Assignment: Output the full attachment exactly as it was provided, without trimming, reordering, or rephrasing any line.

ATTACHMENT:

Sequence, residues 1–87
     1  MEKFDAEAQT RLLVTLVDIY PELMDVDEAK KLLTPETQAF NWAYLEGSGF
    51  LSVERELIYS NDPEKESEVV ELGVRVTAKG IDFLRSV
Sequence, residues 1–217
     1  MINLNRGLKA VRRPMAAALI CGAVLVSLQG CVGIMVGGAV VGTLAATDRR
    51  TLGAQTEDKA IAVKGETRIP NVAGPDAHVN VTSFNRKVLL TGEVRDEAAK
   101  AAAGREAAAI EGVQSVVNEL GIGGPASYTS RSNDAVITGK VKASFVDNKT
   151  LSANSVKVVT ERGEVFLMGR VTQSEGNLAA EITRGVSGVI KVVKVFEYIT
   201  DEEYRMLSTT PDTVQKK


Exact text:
Sequence, residues 1–87
     1  MEKFDAEAQT RLLVTLVDIY PELMDVDEAK KLLTPETQAF NWAYLEGSGF
    51  LSVERELIYS NDPEKESEVV ELGVRVTAKG IDFLRSV
Sequence, residues 1–217
     1  MINLNRGLKA VRRPMAAALI CGAVLVSLQG CVGIMVGGAV VGTLAATDRR
    51  TLGAQTEDKA IAVKGETRIP NVAGPDAHVN VTSFNRKVLL TGEVRDEAAK
   101  AAAGREAAAI EGVQSVVNEL GIGGPASYTS RSNDAVITGK VKASFVDNKT
   151  LSANSVKVVT ERGEVFLMGR VTQSEGNLAA EITRGVSGVI KVVKVFEYIT
   201  DEEYRMLSTT PDTVQKK